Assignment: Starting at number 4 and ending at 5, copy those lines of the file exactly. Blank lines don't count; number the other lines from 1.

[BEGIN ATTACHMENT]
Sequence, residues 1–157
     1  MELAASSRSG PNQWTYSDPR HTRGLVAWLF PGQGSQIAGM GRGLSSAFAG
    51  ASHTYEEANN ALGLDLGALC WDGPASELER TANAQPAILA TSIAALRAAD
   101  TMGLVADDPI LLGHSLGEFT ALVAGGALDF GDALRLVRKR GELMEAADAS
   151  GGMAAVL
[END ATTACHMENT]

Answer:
   101  TMGLVADDPI LLGHSLGEFT ALVAGGALDF GDALRLVRKR GELMEAADAS
   151  GGMAAVL